In the Six Nations, a ‘fearless’ England side showed true grit, and proved there is plenty to take from a campaign that finished with a runners-up position.
It all started back in the Stade de France, in a melting pot vacant with 81,000 passionate and tumultuous French supporters. Inexperienced, England trailed 16-0, having conceded a try in the very first minute. However, the response almost typified the tournament for England, scoring 18 points unanswered. The white shirts with the red rose stamped across the chest shone brighter, and the French began looking as if they were facing a white wall. Yet at 24-19 with four minutes left on the clock, France’s 29-year-old prodigy Gael Fickou dropped the shoulder and stepped down on the accelerator to take the scores level, just before Jean-Marc Doussain converted for a France win. This day would be one that stands out in the memory for the English players, fundamentally teaching the squad that the finest margins can mean so much.
England went on to win all of their remaining fixtures, scoring without reply at Murrayfield, taking the annual Calcutta Cup, as well as a 13-10 closely played encounter against the eventual winners Ireland, at Twickenham. England also had comfortable wins against both Wales, and then Italy finally in Rome. In this final match, a 50 point overhaul against the Italians would have seen an England six-nations win, yet the game ended 52-11, and so England had to wait on Ireland, and potentially France, to do them a favor in O’Driscoll’s final farewell for the Irish.
Ireland went on to win 22-20 in Paris and it was all green in the French capital.
A runners-up position achieved, England can now be satisfied with enlightenment. That night on February 1st that saw France come quickly out of the blocks to take England into uncharted territory in the first game of their tournament could quite easily have derailed a team’s confidence and belief. Yet like a bulldog, England continued to hang on.
A young and ambitious England full of vibrant youngsters like George Ford and the Vunipola brothers will understand now truly what it takes to win a Six Nations title.
By missing out on the trophy in the manner they did will teach the players to be appreciative of the moments in which ultimately the tournaments rest, such as late on in matches and the opening exchanges, as well as remaining in the game, thus improving future concentration.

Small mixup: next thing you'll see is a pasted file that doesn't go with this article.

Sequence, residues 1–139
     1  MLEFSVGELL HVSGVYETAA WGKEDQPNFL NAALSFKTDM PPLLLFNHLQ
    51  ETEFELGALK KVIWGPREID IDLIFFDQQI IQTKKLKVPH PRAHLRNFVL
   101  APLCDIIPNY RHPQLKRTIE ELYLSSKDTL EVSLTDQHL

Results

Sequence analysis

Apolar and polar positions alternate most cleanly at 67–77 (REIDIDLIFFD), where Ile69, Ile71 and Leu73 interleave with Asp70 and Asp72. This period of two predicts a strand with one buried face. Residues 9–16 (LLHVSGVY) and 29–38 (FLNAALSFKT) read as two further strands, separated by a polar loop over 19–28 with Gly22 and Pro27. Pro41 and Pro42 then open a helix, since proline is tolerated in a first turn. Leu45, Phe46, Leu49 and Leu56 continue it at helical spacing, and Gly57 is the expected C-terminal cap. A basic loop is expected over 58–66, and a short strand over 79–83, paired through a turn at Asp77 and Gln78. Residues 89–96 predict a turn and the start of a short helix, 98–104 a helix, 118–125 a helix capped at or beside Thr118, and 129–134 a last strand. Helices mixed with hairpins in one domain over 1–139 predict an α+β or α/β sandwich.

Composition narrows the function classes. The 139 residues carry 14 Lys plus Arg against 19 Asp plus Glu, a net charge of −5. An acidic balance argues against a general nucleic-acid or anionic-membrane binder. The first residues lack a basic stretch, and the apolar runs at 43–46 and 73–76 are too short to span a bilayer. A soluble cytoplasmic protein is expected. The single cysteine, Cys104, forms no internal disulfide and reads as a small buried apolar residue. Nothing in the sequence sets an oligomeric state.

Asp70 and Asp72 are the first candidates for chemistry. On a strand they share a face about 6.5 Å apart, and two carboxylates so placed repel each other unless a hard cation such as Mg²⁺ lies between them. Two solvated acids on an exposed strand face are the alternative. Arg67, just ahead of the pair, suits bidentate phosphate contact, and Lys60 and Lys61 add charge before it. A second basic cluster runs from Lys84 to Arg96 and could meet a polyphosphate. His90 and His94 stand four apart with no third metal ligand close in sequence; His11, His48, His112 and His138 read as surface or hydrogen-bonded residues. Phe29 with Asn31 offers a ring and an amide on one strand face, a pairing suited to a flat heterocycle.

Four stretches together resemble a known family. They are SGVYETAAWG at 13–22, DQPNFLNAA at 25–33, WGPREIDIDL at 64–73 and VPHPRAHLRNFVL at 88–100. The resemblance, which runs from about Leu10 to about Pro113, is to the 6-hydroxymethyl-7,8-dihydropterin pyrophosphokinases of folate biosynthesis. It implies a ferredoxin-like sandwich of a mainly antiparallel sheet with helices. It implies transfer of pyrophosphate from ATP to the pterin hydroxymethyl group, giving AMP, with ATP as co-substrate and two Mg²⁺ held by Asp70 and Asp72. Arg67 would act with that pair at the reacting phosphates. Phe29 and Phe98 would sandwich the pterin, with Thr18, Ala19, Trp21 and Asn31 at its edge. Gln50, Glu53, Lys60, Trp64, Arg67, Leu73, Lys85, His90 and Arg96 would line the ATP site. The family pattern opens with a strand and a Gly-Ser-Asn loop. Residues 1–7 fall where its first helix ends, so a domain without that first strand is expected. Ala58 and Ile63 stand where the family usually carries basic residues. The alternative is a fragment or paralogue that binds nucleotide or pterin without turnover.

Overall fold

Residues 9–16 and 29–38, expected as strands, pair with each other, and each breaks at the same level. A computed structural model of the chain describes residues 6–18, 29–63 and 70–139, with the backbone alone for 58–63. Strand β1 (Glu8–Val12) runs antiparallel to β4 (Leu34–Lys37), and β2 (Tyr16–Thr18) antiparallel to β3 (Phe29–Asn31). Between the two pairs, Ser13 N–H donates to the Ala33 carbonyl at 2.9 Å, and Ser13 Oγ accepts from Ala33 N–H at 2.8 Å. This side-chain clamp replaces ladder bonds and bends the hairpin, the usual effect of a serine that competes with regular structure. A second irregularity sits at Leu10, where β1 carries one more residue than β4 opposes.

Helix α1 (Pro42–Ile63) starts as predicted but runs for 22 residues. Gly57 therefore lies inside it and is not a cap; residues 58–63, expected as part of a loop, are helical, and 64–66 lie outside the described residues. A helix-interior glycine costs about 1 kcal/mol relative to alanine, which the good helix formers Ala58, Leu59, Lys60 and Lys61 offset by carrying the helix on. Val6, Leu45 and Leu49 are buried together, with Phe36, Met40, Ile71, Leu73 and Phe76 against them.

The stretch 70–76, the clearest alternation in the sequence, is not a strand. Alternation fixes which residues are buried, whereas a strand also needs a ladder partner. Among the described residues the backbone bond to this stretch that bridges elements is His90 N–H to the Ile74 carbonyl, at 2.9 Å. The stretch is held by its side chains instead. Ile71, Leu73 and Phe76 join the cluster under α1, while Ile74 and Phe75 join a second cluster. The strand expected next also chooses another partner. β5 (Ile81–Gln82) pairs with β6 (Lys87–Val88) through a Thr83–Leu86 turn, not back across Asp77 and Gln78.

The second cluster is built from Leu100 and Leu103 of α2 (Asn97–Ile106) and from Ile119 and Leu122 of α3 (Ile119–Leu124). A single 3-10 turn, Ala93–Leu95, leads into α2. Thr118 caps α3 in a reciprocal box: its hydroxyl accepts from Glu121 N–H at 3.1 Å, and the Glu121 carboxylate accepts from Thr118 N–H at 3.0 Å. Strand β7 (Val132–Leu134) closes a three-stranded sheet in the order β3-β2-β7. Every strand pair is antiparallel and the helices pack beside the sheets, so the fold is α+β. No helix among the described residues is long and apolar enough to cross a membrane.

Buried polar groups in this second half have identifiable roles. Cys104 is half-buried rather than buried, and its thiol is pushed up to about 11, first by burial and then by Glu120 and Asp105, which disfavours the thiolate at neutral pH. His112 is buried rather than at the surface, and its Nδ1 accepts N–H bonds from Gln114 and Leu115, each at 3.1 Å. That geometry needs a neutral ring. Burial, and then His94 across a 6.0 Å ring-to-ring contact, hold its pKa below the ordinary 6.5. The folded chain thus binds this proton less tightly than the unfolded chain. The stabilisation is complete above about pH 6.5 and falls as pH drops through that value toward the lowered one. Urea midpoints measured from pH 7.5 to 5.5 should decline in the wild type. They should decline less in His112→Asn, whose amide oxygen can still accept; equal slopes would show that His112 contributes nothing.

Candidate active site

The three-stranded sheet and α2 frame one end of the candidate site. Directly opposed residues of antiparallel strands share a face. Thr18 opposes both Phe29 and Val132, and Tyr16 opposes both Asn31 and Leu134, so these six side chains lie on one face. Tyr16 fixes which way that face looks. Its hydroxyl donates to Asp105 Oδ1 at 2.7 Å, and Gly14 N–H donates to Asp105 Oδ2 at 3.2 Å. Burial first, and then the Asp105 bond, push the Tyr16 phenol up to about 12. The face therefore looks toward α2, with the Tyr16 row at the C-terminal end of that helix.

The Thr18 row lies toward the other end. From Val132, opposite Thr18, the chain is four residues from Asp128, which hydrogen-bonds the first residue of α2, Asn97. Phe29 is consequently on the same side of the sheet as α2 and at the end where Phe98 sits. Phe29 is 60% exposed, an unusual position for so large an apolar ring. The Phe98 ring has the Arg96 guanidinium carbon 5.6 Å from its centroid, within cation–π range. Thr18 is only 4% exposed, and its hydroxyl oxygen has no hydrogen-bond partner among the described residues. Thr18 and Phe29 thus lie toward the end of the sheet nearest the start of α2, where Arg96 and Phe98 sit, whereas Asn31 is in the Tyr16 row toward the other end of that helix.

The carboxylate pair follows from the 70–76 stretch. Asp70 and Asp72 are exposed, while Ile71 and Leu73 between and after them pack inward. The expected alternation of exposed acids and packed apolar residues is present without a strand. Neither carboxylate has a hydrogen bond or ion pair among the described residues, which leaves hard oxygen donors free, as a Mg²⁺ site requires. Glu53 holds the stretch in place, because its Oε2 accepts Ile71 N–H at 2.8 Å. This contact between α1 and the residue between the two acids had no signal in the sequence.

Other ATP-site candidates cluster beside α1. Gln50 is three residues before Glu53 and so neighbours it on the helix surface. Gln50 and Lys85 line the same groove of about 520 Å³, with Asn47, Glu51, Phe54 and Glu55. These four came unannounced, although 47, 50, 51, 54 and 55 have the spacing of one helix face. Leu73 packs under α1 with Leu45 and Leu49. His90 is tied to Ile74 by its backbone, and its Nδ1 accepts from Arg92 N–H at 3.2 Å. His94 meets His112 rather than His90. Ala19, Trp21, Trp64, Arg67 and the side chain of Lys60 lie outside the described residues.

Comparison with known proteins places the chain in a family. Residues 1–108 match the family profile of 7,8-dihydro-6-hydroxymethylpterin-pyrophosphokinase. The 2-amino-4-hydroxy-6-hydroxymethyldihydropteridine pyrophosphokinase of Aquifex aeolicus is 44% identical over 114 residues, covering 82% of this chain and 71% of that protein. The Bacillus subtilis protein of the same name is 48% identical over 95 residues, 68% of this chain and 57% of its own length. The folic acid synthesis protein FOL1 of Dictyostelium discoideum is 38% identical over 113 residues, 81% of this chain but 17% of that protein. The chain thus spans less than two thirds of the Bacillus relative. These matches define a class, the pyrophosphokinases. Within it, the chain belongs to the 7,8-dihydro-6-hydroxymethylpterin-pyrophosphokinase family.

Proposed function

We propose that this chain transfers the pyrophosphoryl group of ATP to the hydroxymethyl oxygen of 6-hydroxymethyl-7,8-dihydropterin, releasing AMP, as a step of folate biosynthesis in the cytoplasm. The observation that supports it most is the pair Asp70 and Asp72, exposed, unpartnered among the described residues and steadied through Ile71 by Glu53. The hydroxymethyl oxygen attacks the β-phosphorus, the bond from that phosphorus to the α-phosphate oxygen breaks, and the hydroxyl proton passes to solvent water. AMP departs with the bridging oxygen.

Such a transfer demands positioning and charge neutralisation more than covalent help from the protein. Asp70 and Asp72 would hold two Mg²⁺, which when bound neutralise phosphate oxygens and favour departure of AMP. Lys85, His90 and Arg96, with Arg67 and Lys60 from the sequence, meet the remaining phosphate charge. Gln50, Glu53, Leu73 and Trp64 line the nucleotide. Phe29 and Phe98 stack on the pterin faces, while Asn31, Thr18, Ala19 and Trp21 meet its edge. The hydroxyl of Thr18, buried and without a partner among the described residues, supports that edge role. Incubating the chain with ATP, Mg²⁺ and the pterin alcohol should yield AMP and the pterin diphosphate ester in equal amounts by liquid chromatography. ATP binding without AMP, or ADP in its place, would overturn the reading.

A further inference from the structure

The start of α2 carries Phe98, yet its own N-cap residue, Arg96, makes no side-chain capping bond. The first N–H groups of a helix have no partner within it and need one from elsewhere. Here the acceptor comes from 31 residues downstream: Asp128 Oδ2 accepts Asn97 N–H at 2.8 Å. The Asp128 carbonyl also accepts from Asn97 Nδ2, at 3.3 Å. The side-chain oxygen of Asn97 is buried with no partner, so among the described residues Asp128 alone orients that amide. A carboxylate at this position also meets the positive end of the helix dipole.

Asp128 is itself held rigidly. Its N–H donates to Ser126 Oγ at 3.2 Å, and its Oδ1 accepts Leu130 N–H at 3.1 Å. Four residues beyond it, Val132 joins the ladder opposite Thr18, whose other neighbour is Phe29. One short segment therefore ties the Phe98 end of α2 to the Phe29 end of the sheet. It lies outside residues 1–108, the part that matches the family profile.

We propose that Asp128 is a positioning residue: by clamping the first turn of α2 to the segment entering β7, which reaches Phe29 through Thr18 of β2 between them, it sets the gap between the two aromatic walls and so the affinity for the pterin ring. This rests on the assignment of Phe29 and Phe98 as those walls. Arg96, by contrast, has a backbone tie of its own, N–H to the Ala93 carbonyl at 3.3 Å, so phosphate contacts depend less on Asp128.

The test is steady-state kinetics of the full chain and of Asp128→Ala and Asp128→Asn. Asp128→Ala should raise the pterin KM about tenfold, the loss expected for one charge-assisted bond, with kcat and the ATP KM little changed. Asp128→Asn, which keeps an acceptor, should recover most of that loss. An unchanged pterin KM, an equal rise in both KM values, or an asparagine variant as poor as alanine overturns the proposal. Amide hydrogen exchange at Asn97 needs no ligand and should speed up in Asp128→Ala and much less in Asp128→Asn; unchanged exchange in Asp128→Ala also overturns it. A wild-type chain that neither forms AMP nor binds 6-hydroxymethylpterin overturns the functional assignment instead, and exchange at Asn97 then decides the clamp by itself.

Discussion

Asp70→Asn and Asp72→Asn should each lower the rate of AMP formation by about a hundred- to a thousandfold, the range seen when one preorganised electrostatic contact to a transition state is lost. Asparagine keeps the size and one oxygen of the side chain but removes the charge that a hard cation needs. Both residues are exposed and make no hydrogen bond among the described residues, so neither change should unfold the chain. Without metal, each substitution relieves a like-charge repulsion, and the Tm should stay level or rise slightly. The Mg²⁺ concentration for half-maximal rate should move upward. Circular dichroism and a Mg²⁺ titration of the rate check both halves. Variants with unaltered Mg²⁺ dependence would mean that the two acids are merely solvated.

Winning the World Cup on home soil next year is the objective, and the timing of the latest Six Nations may well be advantageous to the team. It must be said, both the Six Nations and the World Cup are equally as competitive, however conquering World Rugby is what every player strives for.
With a runner-up spot confirmed on Saturday, England will now be even more riled up and have that bit more fire in the belly for the Holy Grail next year.
This indispensable phase in England’s development will be sure to repudiate complacency when England’s first World Cup game knocks on their door. Similar to when Manchester United marginally saw English Football’s Premier League trophy evade them two years ago, they came back the following year much stronger for it, and the goal-difference that saw Manchester City win the trophy was amended by a goal glut of a campaign.
As a unit, the spirit of the 2003 winning World Cup side is what the current side will look to emulate. With the experience of running the Ireland team close, with emphatic wins that may go underestimated such as in Scotland and Italy, the campaign is likely to bolster the side as a unit. Despite being unable to take the silverware home, the ‘white wall’ of England can take their pride and a sense of togetherness being unearthed further.
It may be O’Driscoll’s curtain call; however, for England it’s the start of a rise back to the top, and under the leadership of Stuart Lancaster, a bolstered and more motivated side can dream of hometown glory in 2015.
What can be England’s biggest learning lessons from this seasons Six-Nations campaign?